Intrigued when he was 13 by a page in The Chicago American “with corporate names, numerous columns, and numbers showing lots of fractional changes in small print,” he decided that “this was the industry for me” and invested the money he made from delivering The Southtown Economist in stocks recommended by financial columnists. The stocks tanked, teaching him to research each company’s growth potential on his own.
He flunked out of the University of Illinois at Chicago, enrolled in Southeast Junior College and then transferred to DePaul, where he earned a bachelor’s degree in 1965 and a master’s in business administration in 1970. He worked for the investment bank A.G. Becker & Company, becoming its youngest portfolio manager, and for several other firms before starting his own, Driehaus Securities, in 1979. He founded Driehaus Capital Management in 1982.
He married when he was in his early 50s; the marriage ended in divorce. He is survived by three daughters, Tereza, Caroline and Katherine Driehaus, and two sisters, Dorothy Driehaus Mellin and Elizabeth Mellin.
“I never did anything until I was 50,” Mr. Driehaus told The New York Times in 2008. “I spent my early years making money for my clients. Now I’m ready to have some fun.”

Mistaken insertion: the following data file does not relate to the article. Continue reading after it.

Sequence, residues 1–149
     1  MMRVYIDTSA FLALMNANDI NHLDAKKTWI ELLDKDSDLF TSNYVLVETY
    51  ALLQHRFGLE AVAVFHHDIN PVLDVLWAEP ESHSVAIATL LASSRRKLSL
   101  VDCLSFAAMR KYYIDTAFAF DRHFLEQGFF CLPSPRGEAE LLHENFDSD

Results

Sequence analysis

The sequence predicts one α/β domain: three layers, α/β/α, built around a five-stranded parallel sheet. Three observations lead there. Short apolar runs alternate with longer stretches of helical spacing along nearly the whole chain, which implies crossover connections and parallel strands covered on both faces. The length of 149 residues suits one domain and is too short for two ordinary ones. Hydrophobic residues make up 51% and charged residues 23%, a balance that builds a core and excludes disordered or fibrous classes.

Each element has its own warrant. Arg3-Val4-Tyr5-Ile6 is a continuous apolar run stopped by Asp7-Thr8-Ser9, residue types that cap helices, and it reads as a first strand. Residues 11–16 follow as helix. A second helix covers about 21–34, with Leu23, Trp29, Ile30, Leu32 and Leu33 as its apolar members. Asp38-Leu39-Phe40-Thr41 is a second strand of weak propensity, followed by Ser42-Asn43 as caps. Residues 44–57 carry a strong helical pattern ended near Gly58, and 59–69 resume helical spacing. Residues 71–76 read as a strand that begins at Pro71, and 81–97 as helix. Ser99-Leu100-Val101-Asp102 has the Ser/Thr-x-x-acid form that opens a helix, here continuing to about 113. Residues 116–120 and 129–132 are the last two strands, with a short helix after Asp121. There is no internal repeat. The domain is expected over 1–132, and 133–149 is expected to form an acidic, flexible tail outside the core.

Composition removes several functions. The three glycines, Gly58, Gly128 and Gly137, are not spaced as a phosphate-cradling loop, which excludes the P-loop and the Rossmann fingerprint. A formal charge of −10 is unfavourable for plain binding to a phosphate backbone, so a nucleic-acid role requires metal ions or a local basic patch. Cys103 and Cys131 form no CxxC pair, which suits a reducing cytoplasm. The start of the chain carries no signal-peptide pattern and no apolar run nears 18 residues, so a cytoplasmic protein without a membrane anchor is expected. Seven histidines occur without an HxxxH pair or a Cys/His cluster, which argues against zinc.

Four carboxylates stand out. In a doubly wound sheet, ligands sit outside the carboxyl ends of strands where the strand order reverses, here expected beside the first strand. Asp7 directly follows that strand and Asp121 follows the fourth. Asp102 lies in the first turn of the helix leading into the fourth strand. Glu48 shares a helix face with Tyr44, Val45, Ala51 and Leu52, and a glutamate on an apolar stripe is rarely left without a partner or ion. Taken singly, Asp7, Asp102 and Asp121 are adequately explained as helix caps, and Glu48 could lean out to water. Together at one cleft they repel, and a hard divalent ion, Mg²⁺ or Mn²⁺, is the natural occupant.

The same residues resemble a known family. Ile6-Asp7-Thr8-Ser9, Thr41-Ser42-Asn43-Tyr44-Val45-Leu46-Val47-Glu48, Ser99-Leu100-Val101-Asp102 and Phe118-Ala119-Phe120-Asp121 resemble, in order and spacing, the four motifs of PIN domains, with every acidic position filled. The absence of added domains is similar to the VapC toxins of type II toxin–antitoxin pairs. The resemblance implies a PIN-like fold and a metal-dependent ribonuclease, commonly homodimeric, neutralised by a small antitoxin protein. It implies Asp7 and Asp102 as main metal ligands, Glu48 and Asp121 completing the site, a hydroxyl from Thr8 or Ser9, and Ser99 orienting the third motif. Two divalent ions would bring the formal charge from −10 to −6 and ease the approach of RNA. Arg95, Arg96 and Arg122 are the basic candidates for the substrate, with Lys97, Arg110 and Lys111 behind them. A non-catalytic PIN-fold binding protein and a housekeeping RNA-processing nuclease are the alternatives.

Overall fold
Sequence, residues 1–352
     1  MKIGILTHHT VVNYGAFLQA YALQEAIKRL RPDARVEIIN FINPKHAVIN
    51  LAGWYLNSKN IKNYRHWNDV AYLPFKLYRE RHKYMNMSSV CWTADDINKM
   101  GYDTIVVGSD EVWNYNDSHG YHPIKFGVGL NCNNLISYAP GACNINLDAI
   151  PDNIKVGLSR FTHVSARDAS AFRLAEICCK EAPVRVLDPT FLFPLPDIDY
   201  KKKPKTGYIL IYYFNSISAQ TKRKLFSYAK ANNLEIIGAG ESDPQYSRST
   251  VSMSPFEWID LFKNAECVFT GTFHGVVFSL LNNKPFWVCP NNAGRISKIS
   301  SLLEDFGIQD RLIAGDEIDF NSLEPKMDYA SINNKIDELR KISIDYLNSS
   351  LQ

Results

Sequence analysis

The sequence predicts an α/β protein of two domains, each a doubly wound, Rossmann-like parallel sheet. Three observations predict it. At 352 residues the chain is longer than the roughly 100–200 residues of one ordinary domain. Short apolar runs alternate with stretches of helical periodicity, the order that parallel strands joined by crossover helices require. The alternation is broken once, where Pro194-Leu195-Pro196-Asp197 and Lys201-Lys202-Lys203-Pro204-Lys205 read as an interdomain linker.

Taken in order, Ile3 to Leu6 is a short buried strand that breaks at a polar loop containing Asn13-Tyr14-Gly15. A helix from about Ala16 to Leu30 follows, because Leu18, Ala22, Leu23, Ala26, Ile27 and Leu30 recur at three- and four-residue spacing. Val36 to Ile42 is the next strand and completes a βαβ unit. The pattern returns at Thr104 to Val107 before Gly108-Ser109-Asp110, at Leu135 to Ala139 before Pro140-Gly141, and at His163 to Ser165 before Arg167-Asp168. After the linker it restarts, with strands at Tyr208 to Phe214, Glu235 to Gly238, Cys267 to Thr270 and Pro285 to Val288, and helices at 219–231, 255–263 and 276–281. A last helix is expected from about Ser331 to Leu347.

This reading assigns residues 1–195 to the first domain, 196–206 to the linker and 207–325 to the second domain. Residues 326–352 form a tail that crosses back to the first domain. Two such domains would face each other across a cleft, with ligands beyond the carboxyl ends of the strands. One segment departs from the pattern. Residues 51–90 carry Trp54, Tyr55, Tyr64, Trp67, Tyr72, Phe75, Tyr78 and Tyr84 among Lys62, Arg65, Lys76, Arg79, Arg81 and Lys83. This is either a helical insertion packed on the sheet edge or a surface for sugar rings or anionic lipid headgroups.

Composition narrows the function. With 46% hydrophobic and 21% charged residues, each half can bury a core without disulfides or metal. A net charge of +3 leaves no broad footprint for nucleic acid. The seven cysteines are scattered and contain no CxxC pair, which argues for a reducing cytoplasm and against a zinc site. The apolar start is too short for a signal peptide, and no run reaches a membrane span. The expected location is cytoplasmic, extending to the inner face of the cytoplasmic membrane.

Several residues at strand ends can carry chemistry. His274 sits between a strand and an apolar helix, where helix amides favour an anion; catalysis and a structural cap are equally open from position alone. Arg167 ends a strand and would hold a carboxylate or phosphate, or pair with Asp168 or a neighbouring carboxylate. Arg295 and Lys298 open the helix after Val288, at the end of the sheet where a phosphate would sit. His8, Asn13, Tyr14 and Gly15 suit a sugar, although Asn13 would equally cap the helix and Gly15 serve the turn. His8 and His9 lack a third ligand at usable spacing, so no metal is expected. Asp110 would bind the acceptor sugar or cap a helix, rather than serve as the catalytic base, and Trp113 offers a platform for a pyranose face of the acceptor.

He did, staging his own extravagant themed birthday parties for hundreds of guests at his mansion on Lake Geneva (at one gala, he made his grand entrance on an elephant) and indulging his passion for collecting.
He started with furnishings he provided to a bar called Gilhooley’s, then moved on to decorative arts and art nouveau for the landmark Samuel M. Nickerson mansion, a palazzo that he restored as the Richard H. Driehaus Museum. He also amassed a fleet of vintage automobiles.
He gave as good as he got, several hundred million dollars’ worth — to DePaul and to Chicago theater and dance groups, Catholic schools and other organizations often overlooked by major philanthropies. And he felt quite at ease being a very big fish in what he acknowledged was a smaller pond — but a more hospitable one.
“In New York, I’m just another successful guy,” he told the City Club of Chicago in 2016. “You can’t make an impact in New York. But in Chicago you can, because it’s big enough and it’s small enough and people actually get along enough.”